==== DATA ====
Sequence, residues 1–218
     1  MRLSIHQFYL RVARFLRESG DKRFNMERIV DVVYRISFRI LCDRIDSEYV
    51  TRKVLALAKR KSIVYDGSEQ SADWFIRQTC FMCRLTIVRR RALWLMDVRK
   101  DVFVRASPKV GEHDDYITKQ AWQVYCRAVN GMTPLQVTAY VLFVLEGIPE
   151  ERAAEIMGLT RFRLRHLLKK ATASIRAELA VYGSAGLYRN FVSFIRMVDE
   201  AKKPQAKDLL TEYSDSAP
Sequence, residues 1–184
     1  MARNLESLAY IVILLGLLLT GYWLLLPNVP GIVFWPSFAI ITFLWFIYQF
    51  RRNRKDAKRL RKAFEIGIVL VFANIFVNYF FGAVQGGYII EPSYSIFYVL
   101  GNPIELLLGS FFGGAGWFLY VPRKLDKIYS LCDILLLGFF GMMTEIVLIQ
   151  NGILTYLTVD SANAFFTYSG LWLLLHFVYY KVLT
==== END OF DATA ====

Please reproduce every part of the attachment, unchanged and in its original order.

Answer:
Sequence, residues 1–218
     1  MRLSIHQFYL RVARFLRESG DKRFNMERIV DVVYRISFRI LCDRIDSEYV
    51  TRKVLALAKR KSIVYDGSEQ SADWFIRQTC FMCRLTIVRR RALWLMDVRK
   101  DVFVRASPKV GEHDDYITKQ AWQVYCRAVN GMTPLQVTAY VLFVLEGIPE
   151  ERAAEIMGLT RFRLRHLLKK ATASIRAELA VYGSAGLYRN FVSFIRMVDE
   201  AKKPQAKDLL TEYSDSAP
Sequence, residues 1–184
     1  MARNLESLAY IVILLGLLLT GYWLLLPNVP GIVFWPSFAI ITFLWFIYQF
    51  RRNRKDAKRL RKAFEIGIVL VFANIFVNYF FGAVQGGYII EPSYSIFYVL
   101  GNPIELLLGS FFGGAGWFLY VPRKLDKIYS LCDILLLGFF GMMTEIVLIQ
   151  NGILTYLTVD SANAFFTYSG LWLLLHFVYY KVLT